If you’re a client of mine, you likely have heard the word “rebozo”. No, this is not someone who repetitively does stupid things (get it? Repeat-bozo? Rebozo? Oh man…) It’s actually a long piece of woven material traditionally used in many cultures for such multipurpose activities as carrying babies and household items, as a headscarf or sarong, or as a blanket. It can also be used in childbirth with great results.
Why Use a Rebozo During Labour?
Being usually around nine feet long and 11-14 inches wide, the rebozo has a unique shape that can’t really be easily replicated. Some use sheets, but these need to be folded over many times and often end up being too bulky to be effective. The rebozo is purpose built for helping out with labour-intensive birth-related movements, like the double-hip squeeze, or the booty shake. And I can’t tell you how valuable that can be in longer births! When you’re using your hands and arms to provide comfort, you need every bit of energy and strength you can get. They can assist birthers during the pushing phase, acting as something for them to pull on in order to leverage their core strength.
Rebozos are Beautiful!
Aside from the utilitarian aspects of the rebozo, it has some aesthetic qualities that shouldn’t be overlooked. Traditionally woven in bright colours and complex patterns, rebozos were passed down through generations as heirlooms. They tell the stories of the families who own them. This is a wonderful thing to think about in labour – how many other women have used this tool for comfort, and what are their stories? A bright and cheerful piece of fabric can be a welcome distraction in a hospital setting, where institutional furniture and fixtures dominate. It’s also nice to know where the rebozo comes from. I keep mine in my birth bag and carefully wash them after every birth. Whereas who knows who laid in those hospital bed sheets last and what kind of bad ju-ju is attached to them?!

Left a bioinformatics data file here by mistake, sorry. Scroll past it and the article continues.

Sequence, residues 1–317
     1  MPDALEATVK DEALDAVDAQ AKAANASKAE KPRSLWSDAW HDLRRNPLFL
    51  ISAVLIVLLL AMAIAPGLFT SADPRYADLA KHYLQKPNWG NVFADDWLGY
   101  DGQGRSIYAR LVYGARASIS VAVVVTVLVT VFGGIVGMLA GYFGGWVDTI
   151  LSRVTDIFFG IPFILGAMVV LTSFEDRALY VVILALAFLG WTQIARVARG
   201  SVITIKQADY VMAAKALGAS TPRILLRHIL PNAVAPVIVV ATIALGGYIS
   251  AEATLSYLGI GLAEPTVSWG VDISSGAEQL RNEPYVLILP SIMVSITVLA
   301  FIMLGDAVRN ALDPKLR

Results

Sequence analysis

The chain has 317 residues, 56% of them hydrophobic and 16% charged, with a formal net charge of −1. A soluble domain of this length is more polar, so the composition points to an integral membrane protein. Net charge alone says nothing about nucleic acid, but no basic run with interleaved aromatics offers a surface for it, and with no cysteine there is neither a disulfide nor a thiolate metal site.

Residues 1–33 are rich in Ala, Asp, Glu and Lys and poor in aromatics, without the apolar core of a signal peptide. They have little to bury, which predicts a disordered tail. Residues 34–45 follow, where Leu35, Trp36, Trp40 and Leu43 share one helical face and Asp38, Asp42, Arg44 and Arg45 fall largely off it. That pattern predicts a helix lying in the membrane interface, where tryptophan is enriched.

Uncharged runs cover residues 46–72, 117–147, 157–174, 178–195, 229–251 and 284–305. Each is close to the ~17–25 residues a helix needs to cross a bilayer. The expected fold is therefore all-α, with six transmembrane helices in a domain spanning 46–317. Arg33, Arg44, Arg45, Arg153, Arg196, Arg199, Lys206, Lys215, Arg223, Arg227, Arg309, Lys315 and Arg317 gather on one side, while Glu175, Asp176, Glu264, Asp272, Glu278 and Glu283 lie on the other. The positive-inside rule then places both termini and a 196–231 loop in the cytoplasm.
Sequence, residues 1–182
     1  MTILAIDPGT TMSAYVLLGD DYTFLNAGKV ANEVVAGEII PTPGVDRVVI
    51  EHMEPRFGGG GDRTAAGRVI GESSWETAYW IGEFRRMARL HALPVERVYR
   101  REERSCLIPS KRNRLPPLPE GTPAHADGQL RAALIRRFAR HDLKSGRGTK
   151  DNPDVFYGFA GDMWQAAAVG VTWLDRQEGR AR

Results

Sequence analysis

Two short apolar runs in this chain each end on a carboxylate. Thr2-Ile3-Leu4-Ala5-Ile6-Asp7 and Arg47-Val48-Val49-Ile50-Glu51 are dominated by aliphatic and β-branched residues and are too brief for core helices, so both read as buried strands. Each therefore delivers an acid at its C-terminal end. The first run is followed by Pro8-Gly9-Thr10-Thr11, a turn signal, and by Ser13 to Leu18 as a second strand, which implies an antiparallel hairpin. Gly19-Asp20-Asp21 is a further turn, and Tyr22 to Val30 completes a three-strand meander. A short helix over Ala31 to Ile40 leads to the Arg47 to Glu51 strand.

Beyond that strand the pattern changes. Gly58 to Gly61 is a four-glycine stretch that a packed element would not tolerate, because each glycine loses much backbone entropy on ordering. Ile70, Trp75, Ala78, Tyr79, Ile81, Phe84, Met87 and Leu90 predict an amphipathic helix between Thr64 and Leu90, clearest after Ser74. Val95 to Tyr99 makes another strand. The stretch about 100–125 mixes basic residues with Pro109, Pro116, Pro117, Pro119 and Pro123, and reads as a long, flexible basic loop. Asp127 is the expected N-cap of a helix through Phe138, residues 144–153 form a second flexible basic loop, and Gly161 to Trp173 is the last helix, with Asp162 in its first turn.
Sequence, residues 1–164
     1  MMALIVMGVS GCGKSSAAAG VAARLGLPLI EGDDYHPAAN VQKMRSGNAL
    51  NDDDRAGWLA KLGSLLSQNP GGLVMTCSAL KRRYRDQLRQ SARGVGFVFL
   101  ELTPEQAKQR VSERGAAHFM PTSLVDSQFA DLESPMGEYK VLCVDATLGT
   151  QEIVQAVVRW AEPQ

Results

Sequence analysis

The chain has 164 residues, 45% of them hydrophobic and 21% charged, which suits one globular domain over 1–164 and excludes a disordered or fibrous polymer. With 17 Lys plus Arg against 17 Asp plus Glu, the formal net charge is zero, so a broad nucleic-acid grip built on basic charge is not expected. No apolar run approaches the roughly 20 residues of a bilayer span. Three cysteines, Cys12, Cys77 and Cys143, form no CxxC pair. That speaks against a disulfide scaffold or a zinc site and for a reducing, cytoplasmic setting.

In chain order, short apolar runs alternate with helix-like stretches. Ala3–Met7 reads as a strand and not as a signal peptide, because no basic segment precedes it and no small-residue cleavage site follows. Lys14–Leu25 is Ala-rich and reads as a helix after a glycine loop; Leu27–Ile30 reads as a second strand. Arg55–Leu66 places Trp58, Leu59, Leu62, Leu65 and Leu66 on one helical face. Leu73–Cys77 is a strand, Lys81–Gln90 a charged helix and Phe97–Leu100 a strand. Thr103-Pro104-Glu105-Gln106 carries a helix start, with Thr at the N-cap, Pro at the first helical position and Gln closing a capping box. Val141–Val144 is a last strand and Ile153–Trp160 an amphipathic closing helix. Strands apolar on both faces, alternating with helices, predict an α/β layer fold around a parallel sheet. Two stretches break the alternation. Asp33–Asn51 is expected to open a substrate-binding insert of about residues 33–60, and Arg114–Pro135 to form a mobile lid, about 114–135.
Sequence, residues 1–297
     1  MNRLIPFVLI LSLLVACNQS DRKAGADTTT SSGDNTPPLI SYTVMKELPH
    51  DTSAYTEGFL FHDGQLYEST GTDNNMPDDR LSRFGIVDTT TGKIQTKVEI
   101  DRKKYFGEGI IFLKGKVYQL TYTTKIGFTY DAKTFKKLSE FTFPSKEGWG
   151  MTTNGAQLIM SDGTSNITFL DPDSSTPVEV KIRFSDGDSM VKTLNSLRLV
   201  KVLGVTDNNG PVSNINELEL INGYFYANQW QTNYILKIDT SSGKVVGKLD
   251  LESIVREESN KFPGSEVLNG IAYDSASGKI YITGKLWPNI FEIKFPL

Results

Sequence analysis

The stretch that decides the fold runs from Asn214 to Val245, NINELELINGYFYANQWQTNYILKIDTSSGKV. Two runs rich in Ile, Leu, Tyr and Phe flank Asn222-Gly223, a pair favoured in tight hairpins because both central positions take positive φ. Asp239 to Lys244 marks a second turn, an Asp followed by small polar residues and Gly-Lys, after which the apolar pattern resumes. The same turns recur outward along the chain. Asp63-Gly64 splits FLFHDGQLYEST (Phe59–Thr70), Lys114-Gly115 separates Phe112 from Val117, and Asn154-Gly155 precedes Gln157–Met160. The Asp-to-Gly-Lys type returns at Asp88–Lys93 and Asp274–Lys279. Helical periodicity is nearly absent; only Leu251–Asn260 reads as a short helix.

So now that you’re convinced of how great rebozos are, where do you get one and how, exactly, do you use it? I am pleased to inform you that there is one answer to both those questions and that is: me! I have taken training in how to use the rebozo and how best to get my clients confident using it. My rebozos are hand-made and fairly traded, so there is definitely no bad ju-ju woven into them! In prenatal visits, I go over possibilities for using the rebozo in the last weeks of pregnancy and during labour with all my clients so that they’re comfortable with it before using it. It’s a great tool that I love to share.